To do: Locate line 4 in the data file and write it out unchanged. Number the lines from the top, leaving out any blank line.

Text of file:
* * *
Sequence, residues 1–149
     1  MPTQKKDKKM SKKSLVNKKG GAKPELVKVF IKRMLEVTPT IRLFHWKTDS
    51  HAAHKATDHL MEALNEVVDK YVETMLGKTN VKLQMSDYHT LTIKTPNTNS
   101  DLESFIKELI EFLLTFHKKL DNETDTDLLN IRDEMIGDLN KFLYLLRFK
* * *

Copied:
   101  DLESFIKELI EFLLTFHKKL DNETDTDLLN IRDEMIGDLN KFLYLLRFK